Lynn Marie Johnson, Justice of the Peace for Precinct 4, has filed for re-election on the March 4 Republican primary ballot.
Johnson is opposed by Bernard R. Suchocki in the March 4 Parker County Republican primary. There is no Democratic opponent. Early voting begins Feb. 18.
“I’ve really enjoyed serving my community and have worked very hard to make the court reflect my values of personal integrity and fiscal responsibility,” Johnson said.
Johnson is a Christian conservative, a 22-year resident of Parker County and a practicing attorney for 29 years. She and her husband, Ed Huddleston, an attorney and former teacher, coach and school board trustee, have been married for 22 years. They have four children – Kendall (19), Kallyn (17), Cameron (14) and Cheney Huddleston (12).
Since her election three years ago, Johnson said she has resolved more than 15,300 criminal and 770 civil cases; presided at more than than 350 trials; magistrated more than 1,000 criminal defendants and issued more than 2,150 arrest warrants.
In addition, she claims to have increased revenues by 30 percent; revitalized teen court involving more than 200 high school students; developed content for the county’s new website to inform litigants about the court; eliminated a large backlog of criminal and civil cases; revamped the court’s security and technology systems; redrafted and updated the court’s orders, writs, citations and other official documents; instituted bond forfeiture proceedings; participated in the selection of the county’s new software system; and operated her court under budget.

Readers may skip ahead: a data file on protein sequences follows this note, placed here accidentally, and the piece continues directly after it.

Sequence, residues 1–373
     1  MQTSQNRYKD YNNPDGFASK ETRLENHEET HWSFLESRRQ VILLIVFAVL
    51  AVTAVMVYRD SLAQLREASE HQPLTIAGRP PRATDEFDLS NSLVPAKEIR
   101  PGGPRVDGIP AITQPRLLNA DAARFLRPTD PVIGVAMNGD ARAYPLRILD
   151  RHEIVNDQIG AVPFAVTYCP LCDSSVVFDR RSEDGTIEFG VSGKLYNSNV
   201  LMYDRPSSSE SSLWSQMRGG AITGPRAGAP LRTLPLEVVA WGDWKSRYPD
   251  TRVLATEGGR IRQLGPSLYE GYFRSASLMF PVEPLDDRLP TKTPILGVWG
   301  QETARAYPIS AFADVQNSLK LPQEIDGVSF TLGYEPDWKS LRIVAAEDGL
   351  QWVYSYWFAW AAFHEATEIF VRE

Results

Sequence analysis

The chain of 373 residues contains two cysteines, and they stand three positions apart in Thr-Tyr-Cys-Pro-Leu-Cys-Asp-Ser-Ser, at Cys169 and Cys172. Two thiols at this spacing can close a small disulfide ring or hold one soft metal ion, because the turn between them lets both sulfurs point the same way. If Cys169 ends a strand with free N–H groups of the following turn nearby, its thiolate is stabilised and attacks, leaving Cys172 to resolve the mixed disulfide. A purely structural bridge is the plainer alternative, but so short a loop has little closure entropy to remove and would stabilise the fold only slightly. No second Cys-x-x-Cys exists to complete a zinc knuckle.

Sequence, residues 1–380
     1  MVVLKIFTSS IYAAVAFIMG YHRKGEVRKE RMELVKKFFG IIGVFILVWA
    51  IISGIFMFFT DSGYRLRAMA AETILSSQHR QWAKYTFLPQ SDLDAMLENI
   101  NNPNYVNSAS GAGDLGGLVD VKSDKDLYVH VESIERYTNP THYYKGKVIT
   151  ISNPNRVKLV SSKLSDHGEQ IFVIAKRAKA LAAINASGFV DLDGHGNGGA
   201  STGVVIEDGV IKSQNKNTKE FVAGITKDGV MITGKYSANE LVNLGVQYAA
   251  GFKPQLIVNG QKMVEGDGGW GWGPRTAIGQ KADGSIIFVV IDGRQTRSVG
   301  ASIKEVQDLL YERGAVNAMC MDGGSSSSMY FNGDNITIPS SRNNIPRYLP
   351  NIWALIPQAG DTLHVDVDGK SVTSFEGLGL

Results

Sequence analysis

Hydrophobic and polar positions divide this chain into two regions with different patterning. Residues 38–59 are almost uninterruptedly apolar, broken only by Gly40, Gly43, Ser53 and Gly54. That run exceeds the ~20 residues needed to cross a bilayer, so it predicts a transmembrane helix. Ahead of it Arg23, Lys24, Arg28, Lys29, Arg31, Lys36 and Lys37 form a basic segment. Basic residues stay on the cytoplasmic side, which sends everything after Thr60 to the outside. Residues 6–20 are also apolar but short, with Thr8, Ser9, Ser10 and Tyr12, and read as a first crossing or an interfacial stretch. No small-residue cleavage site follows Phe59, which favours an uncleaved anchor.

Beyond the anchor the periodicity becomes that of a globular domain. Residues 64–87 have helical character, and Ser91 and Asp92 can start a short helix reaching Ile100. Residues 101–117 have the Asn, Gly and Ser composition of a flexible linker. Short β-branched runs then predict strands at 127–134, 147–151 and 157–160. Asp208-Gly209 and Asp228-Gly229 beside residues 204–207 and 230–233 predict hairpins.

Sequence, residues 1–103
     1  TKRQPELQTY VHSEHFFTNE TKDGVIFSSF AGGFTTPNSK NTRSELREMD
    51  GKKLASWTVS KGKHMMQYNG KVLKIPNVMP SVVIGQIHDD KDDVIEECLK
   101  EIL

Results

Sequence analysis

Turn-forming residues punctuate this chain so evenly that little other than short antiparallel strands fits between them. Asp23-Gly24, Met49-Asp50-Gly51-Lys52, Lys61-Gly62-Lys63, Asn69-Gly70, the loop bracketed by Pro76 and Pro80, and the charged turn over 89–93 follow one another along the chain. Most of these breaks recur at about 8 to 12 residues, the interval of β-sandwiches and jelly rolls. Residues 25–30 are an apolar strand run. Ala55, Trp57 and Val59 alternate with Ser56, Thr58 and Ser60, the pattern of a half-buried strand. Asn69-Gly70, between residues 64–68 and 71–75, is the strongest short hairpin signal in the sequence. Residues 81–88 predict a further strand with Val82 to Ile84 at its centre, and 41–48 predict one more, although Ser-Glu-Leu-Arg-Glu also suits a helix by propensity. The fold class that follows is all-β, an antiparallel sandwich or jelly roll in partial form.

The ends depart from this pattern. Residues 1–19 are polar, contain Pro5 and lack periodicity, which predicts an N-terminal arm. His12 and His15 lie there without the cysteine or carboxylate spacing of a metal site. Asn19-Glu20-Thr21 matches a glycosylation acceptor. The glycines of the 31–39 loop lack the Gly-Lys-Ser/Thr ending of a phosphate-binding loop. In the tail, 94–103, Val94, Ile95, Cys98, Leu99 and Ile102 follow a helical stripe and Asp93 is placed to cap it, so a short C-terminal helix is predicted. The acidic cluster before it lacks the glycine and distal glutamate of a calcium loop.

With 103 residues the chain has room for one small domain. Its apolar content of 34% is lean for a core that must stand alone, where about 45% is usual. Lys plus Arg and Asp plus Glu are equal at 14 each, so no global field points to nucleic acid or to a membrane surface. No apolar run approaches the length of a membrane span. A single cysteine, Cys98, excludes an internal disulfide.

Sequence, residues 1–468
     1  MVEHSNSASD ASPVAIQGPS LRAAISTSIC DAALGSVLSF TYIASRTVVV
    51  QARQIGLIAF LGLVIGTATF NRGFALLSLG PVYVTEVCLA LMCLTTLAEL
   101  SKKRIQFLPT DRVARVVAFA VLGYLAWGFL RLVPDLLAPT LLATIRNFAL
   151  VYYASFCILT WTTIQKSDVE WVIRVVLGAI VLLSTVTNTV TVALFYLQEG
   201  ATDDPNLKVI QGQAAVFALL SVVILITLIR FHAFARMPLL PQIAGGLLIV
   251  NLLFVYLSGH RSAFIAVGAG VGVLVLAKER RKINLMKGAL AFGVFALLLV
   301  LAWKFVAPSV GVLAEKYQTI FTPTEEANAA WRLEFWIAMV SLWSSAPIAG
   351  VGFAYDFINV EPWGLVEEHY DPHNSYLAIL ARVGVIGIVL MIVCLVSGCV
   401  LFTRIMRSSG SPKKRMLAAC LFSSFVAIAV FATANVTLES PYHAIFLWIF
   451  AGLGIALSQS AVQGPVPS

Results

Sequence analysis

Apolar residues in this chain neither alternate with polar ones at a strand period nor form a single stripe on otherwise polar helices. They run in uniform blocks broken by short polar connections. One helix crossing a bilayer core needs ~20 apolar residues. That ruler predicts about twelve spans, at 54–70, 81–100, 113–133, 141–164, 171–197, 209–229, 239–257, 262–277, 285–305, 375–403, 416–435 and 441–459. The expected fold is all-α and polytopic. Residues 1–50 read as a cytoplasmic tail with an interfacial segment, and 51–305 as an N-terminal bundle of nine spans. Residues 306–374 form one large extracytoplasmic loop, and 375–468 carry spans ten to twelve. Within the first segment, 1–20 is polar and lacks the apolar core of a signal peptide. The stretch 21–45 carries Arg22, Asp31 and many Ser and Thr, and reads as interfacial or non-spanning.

Johnson also notes she facilitated the hiring of a company to collect delinquent fines at no cost to the county. Previous methods relied upon by the county were inadequate, prompting Johnson to take a more proactive approach, she said.
“There are thousands of dollars in unpaid fines from the 1990s through the present,” Johnson said. “Payment of these unpaid fines would help defray the county’s expenses and reduce the tax burden on the citizens of Parker County.”
Johnson said she is the only Parker County justice of the peace who can order a blood draw on a felony DWI offense.
“The position requires a level head, careful analysis, and attention to the balance between public safety and individual rights,” Johnson explains.
In addition to her elected position, Johnson volunteers with Parker County Teen Court, Aledo AdvoCats, Shattered Dreams, Project Celebration, Aledo ISD athletics and other Parker County nonprofits and assists her husband in the operation of their East Texas cattle ranch.